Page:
Anyone with a family connection to gold on board the SS Pacific — a paddlewheeler that sank off the B.C. coast with the loss of at least 275 lives in 1875 — has a chance to stake their claim.
Last month, a U.S. company lodged papers in the United States District Court in Seattle stating it had located what it believes is the wreck of the Pacific at around 1,500 feet deep on the western edge of the Juan de Fuca Strait. By comparison, the Titanic sits at around 12,500 feet in the Atlantic Ocean.
The company, Rockfish Inc., has been searching for the wreck and its golden bounty since 2016 using sonar and a towed camera sled. The search site was selected based on records from 1875 that show the ship went down southwest of Cape Flattery at the end of Washington’s Olympic Peninsula and from more recent information from commercial fishers who noted their trawling gear was getting caught up on something on the ocean floor.
According to court records, “based on the location of the wreck site, dimensions of the wreck, presence of a pair of eight metre circular objects in the debris field consistent with the dimensions of S.S. Pacific’s paddle wheels, and the presence of coal in the debris field, Rockfish believes the vessel is the wreck of the S.S. Pacific.”
The Pacific was a 225-foot wooden coal-powered sidewheeler that was built in New York in 1850 and served throughout the U.S.
The ship was partly sunk after hitting rocks in the Columbia River in 1861, but was put back into service, ending up on the Victoria-to-San Francisco route serving B.C.’s short-lived Cassiar Gold Rush.
On the morning of Nov. 4, 1875, the vessel departed Esquimalt in poor weather carrying at least 275 souls, including crew, paying passengers and children. Many of the passengers were gold miners taking their treasure back to San Francisco before the winter set in.
A historical paper written about the sinking states the ship was carrying “prominent Victorians, wealthy businessmen, numerous gold miners with pokes full of Cassiar gold, an equestrian troupe and 41 Chinese labourers.
“In addition, the Pacific’s hold was laden with 2,000 sacks of oats, 300 bales of hops, 261 animal hides, 11 casks of furs, 31 barrels of cranberries, 10 cords of wood bolts, 280 tons of coal, 18 tons of general merchandise, 10 tons of sundries, six horses, two buggies, two cases of opium and a strongbox containing $79,200 in cash. The gold in private hands was estimated to be at least $100,000.”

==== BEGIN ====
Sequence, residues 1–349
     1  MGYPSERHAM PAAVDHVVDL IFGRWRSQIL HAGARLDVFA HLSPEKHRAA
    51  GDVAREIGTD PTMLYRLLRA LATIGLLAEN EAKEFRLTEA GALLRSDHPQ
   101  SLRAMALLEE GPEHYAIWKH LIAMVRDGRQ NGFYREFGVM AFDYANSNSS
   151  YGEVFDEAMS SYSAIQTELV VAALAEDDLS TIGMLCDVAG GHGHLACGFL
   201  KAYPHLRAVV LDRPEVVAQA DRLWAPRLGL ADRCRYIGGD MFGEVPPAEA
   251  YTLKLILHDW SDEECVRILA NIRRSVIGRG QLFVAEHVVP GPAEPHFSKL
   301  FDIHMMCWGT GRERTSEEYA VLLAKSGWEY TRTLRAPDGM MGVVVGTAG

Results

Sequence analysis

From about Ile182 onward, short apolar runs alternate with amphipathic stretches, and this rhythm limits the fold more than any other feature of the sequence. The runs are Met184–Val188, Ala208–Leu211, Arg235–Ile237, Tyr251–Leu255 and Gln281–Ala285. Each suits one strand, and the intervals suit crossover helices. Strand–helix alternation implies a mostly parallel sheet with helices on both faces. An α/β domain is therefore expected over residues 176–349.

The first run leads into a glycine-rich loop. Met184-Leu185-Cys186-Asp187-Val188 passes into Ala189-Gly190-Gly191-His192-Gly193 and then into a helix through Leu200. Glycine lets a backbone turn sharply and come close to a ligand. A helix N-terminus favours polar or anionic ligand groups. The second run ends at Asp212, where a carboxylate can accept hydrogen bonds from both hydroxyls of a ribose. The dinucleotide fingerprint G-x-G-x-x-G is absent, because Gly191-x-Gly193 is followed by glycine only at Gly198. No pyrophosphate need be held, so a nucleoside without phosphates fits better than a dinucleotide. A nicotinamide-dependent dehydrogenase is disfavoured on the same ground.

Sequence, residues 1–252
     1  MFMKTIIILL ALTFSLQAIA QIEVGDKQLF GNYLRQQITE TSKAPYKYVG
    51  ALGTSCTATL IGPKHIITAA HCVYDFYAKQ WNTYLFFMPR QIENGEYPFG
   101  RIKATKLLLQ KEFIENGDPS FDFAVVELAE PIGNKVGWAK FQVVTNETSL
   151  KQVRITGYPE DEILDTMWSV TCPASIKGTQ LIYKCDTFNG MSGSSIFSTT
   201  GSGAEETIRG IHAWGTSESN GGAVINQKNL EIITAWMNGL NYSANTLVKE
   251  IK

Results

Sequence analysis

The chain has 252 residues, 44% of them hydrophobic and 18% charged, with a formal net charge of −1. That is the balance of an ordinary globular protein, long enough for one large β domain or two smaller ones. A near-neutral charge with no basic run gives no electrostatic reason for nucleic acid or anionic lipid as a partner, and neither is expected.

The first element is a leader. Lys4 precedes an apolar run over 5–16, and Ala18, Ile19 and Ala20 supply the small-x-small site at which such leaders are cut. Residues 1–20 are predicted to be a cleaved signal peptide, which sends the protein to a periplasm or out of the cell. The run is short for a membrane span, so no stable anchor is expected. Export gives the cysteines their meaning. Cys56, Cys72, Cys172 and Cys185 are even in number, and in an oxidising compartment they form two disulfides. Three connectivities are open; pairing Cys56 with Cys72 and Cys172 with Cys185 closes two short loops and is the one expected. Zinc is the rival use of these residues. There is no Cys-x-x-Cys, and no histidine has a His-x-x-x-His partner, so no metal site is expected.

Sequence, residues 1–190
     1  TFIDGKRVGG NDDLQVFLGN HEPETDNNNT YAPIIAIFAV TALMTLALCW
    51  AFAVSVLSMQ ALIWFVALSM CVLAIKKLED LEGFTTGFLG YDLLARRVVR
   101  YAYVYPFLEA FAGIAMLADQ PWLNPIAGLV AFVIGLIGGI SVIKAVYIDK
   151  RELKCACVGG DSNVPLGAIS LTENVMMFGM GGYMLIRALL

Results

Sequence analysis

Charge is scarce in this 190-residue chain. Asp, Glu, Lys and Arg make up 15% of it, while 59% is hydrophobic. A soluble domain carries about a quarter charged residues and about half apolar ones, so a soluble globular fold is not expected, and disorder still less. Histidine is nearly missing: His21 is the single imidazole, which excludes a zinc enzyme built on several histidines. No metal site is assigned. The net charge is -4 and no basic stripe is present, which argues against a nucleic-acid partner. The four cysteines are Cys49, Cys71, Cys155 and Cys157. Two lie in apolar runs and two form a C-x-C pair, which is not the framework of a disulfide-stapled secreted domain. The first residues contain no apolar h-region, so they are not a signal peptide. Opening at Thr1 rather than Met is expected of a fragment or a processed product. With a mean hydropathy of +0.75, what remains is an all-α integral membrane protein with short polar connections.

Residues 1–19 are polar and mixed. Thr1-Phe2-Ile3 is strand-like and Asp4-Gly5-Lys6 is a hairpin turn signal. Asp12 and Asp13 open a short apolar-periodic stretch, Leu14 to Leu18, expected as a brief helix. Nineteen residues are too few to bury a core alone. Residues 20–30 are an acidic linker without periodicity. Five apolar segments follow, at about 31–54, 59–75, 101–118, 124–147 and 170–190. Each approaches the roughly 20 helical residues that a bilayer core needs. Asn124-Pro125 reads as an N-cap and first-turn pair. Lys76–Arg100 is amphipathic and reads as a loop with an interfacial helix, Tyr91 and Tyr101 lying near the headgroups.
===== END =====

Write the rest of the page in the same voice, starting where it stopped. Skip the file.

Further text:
In 1875, that represented around 4,000 ounces of gold which today would be worth close to $10 million.
At around 9:30 p.m. the sailing ship Orpheus (travelling from San Francisco to Nanaimo to collect coal) noted the lights of another ship to the right and turned left to avoid a collision.
The Pacific struck the side of the Orpheus and sank within 20 minutes. The dramatic loss of life — there were only two survivors — was due in part to to the condition of the vessel, too few lifeboats and the fact some of those lifeboats had earlier been filled with water to stop the ship listing in heavy seas.
The Orpheus did not sink, but the sinking of the Pacific remains the deadliest maritime disaster recorded in the waters off the Pacific Northwest.
Under maritime law, Rockfish has won court approval to salvage what it can from the wreckage, claiming it will be used to create a maritime museum in co-operation with the Northwest Shipwreck Alliance.
However, this was granted on the condition that the company acknowledge the law of finds, that entitles descendants of a person who carried gold on the ship to claim that gold.
The time a person has to make a claim is limited, and if the claim is granted by the court the claimant would have to pay Rockfish for recovering the gold.
An article in The Daily Mail states that anything recovered from the ship will have to be presented through the court system so that people can come forward and make their claim with proof.